- The Treasure Vase – The treasure vase or kalasha is a fat vase with a short, but slim neck. It has a jewel at its mouth, which means that it’s full of treasure. The treasure vase is a symbol of abundance and wealth. Moreover, this symbol has a harmonious effect on its surroundings. It is a common Buddhist practice to bury similar treasure vases in mountains and water springs. It is also placed at altars.
- The Lotus Flower – The lotus flower or padma captures one of the founding beliefs of Buddhism. The symbolic plant takes root in mud, grows along the water level and blooms into a beautiful flower with a fascinating scent. Buddhists believe that the lotus flower is about the progress of a human soul. Just like a lotus is born in mud, we are born in a world of materialism. Just as the lotus flower rises through the water level, we grow with experience. And just as the lotus blooms, we ultimately attain enlightenment.
- The Conch Shell – This symbol is also known as the sangha. The conch shell is a respected object in Indian culture. They believe it is a ward against evil, and a symbol of authority and power. The Conch shell is also an emblem that proclaims the truth of the dharma. You’ll notice that Buddhists use of conch shell for announcing important assemblies.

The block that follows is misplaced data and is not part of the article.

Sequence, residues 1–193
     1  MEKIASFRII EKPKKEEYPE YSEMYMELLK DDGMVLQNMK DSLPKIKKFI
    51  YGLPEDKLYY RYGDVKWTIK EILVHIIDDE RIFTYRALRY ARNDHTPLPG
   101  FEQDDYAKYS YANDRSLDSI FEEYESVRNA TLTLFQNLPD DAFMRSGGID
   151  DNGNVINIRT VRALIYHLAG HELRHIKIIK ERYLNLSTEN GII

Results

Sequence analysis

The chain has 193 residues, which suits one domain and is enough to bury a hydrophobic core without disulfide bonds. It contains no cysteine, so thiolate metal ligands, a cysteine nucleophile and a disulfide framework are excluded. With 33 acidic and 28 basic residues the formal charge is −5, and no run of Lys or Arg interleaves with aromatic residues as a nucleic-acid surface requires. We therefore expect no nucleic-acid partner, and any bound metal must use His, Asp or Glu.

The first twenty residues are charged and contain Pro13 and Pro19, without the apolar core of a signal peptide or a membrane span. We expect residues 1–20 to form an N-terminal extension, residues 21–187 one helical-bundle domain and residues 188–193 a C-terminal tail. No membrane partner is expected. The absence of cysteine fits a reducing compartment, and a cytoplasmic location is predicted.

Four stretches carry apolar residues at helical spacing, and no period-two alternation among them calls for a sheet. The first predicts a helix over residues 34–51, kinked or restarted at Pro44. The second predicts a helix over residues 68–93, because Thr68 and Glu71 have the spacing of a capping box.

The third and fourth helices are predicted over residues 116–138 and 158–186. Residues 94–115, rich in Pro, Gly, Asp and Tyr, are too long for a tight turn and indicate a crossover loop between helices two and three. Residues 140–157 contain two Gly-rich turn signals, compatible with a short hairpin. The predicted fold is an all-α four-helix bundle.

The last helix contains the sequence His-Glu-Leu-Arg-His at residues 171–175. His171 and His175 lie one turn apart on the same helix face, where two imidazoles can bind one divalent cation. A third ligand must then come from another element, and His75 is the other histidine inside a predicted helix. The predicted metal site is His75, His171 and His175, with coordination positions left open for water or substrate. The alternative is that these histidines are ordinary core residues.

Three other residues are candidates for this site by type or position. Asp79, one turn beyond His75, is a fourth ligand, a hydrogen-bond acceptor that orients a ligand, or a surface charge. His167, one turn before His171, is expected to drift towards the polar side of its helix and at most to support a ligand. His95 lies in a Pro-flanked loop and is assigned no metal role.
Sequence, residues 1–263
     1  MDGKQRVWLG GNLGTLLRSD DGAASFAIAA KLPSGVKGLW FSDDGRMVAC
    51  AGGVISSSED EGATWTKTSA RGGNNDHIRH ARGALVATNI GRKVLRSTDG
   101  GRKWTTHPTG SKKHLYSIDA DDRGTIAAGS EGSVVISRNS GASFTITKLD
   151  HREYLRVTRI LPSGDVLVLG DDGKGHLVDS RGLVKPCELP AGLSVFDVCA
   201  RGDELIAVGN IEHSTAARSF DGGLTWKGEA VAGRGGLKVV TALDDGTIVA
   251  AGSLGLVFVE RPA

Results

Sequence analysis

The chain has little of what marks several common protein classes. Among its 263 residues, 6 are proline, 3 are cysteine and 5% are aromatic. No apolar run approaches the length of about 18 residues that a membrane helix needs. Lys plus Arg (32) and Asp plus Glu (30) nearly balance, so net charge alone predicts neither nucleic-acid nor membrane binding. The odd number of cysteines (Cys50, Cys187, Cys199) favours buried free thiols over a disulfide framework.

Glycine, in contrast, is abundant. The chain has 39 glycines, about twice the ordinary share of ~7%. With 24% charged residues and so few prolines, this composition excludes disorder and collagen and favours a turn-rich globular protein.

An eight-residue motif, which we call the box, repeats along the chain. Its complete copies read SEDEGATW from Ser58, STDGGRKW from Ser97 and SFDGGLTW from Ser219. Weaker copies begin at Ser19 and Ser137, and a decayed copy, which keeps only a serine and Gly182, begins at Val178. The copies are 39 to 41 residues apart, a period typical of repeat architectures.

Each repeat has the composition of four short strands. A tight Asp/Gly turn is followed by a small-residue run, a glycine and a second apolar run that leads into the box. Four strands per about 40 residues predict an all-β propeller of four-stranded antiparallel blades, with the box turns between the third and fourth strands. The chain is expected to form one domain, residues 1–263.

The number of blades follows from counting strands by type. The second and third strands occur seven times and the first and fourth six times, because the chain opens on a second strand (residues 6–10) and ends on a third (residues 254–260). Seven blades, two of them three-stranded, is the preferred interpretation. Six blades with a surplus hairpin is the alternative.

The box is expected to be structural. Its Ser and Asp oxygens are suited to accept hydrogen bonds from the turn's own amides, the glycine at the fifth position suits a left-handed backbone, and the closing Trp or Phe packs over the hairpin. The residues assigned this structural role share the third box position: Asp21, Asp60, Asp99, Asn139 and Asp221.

- The Endless Knot – Also known as the shrivasta, the endless knot has never-ending loops. It has no beginning or end. Upon close inspection, you’ll see that its lines are intertwined, and all are at right angles. The endless knot is a symbol of the endless wisdom of Lord Buddha.
- The Victory Banner – Also known as dhvaja, this stands for the victory of knowledge over ignorance. It is a symbol of Buddha’s enlightenment. It is also a symbol of overcoming hardships and abuse.
- The Wheel of Life – The Wheel of Life or dharmachakra is the most important auspicious symbol. It is the symbol of Buddha’s teachings. The wheel stands for spiritual change. His first teaching, which took place at the Deer Park in Sarnath, is said to be the “first turning” of the Wheel. The second and third turnings are about the discourses given by Buddha in Rajgir and Shravasti. The eight spokes of the Wheel of Life depict the Eightfold Path. This is the path to Zen.